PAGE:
The Political Philosophy of Benjamin Franklin

Front Cover
JHU Press, Aug 23, 2007 - History - 277 pages
0 Reviews

The most famous man of his age, Benjamin Franklin was an individual of many talents and accomplishments. He invented the wood-burning stove and the lightning rod, he wrote Poor Richard's Almanac and The Way to Wealth, and he traveled the world as a diplomat. But it was in politics that Franklin made his greatest impact.

Franklin’s political writings are full of fascinating reflections on human nature, on the character of good leadership, and on why government is such a messy and problematic business. Drawing together threads in Franklin's writings, Lorraine Smith Pangle illuminates his thoughts on citizenship, federalism, constitutional government, the role of civil associations, and religious freedom.

Of the American Founders, Franklin had an unrivaled understanding of the individual human soul. At the heart of his political vision is a view of democratic citizenship, a rich understanding of the qualities of the heart and mind necessary to support liberty and sustain happiness.

This concise introduction reflects Franklin's valuable insight into political issues that continue to be relevant today.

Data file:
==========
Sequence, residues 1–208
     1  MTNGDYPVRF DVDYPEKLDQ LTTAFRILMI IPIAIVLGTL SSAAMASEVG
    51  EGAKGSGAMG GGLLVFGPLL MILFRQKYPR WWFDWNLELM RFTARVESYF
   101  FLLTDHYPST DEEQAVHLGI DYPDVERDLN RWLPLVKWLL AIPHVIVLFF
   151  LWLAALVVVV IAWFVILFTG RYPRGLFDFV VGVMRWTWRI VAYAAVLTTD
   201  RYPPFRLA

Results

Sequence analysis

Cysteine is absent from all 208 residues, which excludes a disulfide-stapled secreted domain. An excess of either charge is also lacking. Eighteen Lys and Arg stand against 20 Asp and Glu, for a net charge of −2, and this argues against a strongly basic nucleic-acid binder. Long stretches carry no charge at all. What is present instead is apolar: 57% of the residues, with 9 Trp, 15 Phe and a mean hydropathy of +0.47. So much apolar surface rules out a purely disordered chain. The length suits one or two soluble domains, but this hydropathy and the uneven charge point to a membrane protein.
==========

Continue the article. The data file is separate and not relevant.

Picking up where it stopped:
What people are saying - Write a review

We haven't found any reviews in the usual places.

Contents

Introduction
1
Franklin Socrates and Modern Rationalism
11
The Virtuous Citizen
49
J Philanthropy and Civil Associations
91
Thoughts on Government
127
The Ultimate Questions
185
Notes
225
Recommended Readings
263
Copyright

Other editions - View all

Common terms and phrases

About the author (2007)

Lorraine Smith Pangle is an associate professor of government at the University of Texas at Austin. She is the author of Aristotle and the Philosophy of Friendship and The Learning of Liberty: The Educational Ideas of the American Founders.